Apparently Jackie O gave the child a bottle while simultaneously walking across a pedestrian crossing, an action Goward likened to the famous Michael Jackson moment when he dangled his little son over a balcony in Germany and subsequently earned global contempt for his fathering skills.

Why this is a concern for the Minister for Families remains a mystery to me. An over-zealous commitment to her new portfolio? Is she going to focus on perceived child abuse by the rich and famous? If the mother had been a working class woman would Goward have even blinked?

I’m glad she wasn’t in the nursery when once, in a sleep deprived state similar to those experienced by former PM Kevin Rudd, I accidentally stuck my fingers in the wrong jar and pasted my baby boy’s bits with Vicks Vapour Rub instead of nappy rash cream.

Soon to become a dad himself for the first time, he looked at me speechless, and quite judgmentally, I thought, when I recently confessed this transgression. Too late I realised my mistake. Now I probably won’t be allowed anywhere near the new baby, but at least we know the Vicks didn’t do its daddy any damage.

My sympathies at the time were firmly with Jackie O. I’ve since had cause to reflect that her relationship with Kyle Sandilands does remind me of a variation of an abusive situation, in which Jackie plays the role of enabler.  In spite of this I’ve never quite lost my impression of her as vulnerable, so when I read the criticism of her not identifying as a feminist I wanted to protect her.

The inimitable Helen Razer has her say on the matter here.

Refusing to call yourself a feminist is a crime for which there is apparently no adequate punishment, and from which there is no possibility of redemption. You just have to do as you’re told and say you are, even if you don’t feel it’s really you. Here, as with the attempts to dictate whom the Alliance of Girls’ Schools may and may not invite to address them, we see further efforts by ideologues and morality police to control our public and private discourse, to the degree that we are told we should call ourselves something we do not feel we are.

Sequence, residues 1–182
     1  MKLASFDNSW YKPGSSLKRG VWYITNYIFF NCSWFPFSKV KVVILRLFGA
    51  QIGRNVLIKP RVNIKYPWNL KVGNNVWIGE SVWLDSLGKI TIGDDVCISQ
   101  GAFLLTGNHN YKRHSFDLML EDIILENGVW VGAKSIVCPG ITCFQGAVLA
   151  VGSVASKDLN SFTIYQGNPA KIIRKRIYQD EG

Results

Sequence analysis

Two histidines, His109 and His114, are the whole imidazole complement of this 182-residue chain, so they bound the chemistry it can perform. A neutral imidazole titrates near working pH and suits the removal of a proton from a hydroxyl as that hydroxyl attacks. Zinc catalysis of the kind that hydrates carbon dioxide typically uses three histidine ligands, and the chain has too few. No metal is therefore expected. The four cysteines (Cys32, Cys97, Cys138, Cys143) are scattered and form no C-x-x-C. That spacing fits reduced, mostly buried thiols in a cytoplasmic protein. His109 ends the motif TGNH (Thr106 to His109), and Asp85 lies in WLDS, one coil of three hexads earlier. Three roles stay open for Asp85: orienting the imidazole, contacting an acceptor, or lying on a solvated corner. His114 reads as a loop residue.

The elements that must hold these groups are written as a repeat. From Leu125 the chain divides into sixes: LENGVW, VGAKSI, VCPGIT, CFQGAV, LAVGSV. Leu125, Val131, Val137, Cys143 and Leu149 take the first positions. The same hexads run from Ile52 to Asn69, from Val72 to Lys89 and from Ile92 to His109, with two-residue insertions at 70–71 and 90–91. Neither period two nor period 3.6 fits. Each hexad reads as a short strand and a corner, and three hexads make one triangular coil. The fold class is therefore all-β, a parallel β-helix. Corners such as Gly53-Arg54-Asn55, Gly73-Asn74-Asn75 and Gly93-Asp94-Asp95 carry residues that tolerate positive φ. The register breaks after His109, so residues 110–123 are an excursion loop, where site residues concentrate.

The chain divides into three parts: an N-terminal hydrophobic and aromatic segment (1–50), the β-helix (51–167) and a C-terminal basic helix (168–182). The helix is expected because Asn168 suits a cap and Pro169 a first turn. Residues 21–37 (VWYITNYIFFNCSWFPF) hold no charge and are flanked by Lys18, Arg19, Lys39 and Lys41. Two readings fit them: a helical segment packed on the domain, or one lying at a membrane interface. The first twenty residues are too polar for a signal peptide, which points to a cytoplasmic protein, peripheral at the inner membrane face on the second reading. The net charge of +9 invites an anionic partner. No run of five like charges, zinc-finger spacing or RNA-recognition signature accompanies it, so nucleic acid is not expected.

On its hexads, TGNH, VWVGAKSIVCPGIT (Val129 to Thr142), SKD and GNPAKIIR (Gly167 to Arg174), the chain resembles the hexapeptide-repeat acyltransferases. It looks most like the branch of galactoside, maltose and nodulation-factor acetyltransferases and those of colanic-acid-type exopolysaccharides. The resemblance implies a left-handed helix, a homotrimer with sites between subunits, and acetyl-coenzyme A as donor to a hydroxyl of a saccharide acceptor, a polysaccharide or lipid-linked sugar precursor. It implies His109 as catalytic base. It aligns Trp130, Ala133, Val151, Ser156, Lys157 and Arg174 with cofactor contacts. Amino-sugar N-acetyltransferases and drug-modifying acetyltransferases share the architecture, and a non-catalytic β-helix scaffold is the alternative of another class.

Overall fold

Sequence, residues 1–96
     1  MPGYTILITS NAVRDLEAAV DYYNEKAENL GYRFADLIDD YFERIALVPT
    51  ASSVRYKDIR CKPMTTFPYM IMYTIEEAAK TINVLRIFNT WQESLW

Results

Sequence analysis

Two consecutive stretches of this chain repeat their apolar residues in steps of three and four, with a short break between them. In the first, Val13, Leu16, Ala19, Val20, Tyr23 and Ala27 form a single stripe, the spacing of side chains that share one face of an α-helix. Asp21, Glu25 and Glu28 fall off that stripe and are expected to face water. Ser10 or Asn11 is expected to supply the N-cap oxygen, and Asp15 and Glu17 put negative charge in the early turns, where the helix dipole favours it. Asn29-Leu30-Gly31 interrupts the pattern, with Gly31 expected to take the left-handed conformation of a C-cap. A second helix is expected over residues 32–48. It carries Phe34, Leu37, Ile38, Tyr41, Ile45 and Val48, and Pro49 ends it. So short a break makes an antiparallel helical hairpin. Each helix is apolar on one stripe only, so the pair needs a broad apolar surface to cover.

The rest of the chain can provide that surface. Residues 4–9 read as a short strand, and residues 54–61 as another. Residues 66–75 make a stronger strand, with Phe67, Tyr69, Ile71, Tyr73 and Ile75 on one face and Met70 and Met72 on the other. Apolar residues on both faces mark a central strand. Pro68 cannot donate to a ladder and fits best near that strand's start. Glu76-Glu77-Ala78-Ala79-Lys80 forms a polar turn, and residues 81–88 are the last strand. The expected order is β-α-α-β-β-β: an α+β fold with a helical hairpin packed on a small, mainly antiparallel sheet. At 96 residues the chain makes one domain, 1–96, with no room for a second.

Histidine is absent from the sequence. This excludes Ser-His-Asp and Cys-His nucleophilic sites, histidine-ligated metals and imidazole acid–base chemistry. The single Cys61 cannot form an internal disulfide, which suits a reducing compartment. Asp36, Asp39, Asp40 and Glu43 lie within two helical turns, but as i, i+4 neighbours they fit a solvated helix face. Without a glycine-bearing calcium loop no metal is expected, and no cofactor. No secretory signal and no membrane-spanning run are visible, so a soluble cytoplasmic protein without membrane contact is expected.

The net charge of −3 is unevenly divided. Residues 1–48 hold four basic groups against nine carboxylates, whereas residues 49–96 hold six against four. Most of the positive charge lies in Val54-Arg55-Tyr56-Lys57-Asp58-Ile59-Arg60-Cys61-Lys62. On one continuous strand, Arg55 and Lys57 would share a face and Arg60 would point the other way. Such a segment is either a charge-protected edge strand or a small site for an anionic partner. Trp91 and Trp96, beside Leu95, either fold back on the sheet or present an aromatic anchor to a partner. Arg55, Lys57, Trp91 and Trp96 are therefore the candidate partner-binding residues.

Life seems increasingly to be a battle to preserve one’s own integrity against the onslaught of busybodies who’s own life purpose seems to be telling everybody else who we should be, what we should do, who we should listen to (invariably them) and what we can see. Personally, I’m over it. The only obligation anyone has is to be upfront about where they are coming from if they want to have a public voice. Silencing people is not on, and neither is telling women how to describe ourselves. Haven’t we got enough of that already from the patriarchy and the beauty industry, and the religious people and and and and……

Bolt lands TV show, thanks to Gina

8 Apr
Fair & Balanced graphic used in 2005

Image via Wikipedia